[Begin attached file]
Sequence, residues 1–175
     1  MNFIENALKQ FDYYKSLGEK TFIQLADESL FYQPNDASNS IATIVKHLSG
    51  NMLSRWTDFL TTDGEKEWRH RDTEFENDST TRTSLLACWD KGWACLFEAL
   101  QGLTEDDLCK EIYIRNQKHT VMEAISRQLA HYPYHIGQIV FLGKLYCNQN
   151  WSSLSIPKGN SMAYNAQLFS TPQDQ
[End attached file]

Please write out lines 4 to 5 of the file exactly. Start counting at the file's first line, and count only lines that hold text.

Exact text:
   101  QGLTEDDLCK EIYIRNQKHT VMEAISRQLA HYPYHIGQIV FLGKLYCNQN
   151  WSSLSIPKGN SMAYNAQLFS TPQDQ